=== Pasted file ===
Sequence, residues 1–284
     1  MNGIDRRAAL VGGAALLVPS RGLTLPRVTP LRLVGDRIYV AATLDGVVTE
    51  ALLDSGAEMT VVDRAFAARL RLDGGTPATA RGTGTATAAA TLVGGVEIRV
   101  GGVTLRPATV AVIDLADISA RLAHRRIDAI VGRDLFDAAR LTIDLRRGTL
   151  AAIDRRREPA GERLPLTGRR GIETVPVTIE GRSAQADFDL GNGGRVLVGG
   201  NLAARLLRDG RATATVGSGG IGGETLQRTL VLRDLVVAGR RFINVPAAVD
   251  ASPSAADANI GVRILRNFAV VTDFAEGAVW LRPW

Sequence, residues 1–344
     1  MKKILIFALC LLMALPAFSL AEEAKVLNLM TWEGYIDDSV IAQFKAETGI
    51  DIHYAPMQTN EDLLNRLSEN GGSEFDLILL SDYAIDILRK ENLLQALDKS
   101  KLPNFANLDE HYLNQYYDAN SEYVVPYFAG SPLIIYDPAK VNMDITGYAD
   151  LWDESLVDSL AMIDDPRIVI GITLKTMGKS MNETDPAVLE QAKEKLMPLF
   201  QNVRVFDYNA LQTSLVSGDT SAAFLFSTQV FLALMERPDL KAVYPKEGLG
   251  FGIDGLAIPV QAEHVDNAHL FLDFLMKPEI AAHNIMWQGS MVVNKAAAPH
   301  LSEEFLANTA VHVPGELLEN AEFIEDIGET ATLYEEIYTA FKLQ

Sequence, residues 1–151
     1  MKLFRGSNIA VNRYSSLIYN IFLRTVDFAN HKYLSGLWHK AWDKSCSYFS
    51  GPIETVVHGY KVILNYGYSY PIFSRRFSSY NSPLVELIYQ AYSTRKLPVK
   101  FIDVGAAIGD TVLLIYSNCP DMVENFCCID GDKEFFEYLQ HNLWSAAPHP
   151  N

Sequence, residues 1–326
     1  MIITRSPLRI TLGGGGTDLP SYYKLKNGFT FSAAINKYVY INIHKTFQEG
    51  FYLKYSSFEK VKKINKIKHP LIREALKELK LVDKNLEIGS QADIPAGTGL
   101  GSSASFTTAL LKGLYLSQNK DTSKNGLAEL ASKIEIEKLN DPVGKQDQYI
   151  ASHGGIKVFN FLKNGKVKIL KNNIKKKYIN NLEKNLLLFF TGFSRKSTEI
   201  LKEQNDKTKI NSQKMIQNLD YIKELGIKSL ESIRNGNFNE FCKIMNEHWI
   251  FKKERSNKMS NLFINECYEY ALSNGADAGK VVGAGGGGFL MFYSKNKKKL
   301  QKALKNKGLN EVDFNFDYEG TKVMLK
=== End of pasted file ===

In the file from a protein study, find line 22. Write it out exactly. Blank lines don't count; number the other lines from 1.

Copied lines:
     1  MIITRSPLRI TLGGGGTDLP SYYKLKNGFT FSAAINKYVY INIHKTFQEG